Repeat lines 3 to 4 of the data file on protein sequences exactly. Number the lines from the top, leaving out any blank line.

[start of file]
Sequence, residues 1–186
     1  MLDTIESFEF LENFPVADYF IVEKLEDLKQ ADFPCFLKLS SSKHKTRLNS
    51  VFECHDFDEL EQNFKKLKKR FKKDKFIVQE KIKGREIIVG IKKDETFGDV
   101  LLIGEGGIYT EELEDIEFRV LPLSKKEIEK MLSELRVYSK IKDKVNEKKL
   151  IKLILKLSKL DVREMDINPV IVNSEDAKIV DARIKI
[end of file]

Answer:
    51  VFECHDFDEL EQNFKKLKKR FKKDKFIVQE KIKGREIIVG IKKDETFGDV
   101  LLIGEGGIYT EELEDIEFRV LPLSKKEIEK MLSELRVYSK IKDKVNEKKL